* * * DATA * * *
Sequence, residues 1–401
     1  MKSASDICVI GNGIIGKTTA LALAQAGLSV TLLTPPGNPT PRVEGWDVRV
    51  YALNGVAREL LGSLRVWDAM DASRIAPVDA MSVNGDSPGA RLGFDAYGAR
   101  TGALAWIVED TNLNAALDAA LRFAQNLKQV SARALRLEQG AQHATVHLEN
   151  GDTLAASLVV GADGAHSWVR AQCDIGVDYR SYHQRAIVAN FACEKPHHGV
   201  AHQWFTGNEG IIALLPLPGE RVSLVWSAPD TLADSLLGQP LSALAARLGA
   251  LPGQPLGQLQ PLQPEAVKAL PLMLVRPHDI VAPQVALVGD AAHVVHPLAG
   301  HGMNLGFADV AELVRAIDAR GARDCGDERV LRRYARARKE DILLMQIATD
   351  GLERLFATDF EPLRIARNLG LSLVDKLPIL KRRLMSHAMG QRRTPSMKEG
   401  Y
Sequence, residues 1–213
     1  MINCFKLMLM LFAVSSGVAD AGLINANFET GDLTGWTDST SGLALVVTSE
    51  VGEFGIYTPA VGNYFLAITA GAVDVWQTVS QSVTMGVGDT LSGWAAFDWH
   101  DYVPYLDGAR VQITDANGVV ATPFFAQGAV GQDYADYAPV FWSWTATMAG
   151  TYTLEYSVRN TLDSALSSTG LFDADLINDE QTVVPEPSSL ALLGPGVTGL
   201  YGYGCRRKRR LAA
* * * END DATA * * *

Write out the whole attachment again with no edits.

Sequence, residues 1–401
     1  MKSASDICVI GNGIIGKTTA LALAQAGLSV TLLTPPGNPT PRVEGWDVRV
    51  YALNGVAREL LGSLRVWDAM DASRIAPVDA MSVNGDSPGA RLGFDAYGAR
   101  TGALAWIVED TNLNAALDAA LRFAQNLKQV SARALRLEQG AQHATVHLEN
   151  GDTLAASLVV GADGAHSWVR AQCDIGVDYR SYHQRAIVAN FACEKPHHGV
   201  AHQWFTGNEG IIALLPLPGE RVSLVWSAPD TLADSLLGQP LSALAARLGA
   251  LPGQPLGQLQ PLQPEAVKAL PLMLVRPHDI VAPQVALVGD AAHVVHPLAG
   301  HGMNLGFADV AELVRAIDAR GARDCGDERV LRRYARARKE DILLMQIATD
   351  GLERLFATDF EPLRIARNLG LSLVDKLPIL KRRLMSHAMG QRRTPSMKEG
   401  Y
Sequence, residues 1–213
     1  MINCFKLMLM LFAVSSGVAD AGLINANFET GDLTGWTDST SGLALVVTSE
    51  VGEFGIYTPA VGNYFLAITA GAVDVWQTVS QSVTMGVGDT LSGWAAFDWH
   101  DYVPYLDGAR VQITDANGVV ATPFFAQGAV GQDYADYAPV FWSWTATMAG
   151  TYTLEYSVRN TLDSALSSTG LFDADLINDE QTVVPEPSSL ALLGPGVTGL
   201  YGYGCRRKRR LAA